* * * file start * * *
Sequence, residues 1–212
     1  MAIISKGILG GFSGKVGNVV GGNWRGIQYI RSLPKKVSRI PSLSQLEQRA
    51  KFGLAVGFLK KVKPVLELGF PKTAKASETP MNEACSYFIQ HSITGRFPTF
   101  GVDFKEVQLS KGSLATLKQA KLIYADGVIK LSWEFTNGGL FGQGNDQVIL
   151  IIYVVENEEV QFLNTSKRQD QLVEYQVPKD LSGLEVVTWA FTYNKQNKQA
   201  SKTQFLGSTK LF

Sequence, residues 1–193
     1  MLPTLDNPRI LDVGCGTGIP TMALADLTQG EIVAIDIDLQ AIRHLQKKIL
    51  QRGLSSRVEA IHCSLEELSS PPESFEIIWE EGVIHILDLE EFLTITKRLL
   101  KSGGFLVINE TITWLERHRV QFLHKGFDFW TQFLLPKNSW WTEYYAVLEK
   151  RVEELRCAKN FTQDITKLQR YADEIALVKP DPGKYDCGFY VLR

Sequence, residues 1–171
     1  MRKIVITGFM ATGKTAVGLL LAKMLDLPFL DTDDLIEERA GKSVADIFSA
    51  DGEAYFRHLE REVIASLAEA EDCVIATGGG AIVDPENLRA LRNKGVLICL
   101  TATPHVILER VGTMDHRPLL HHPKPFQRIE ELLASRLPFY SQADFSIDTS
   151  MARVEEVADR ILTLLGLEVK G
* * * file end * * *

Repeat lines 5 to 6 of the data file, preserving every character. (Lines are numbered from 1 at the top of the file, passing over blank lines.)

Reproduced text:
   151  IIYVVENEEV QFLNTSKRQD QLVEYQVPKD LSGLEVVTWA FTYNKQNKQA
   201  SKTQFLGSTK LF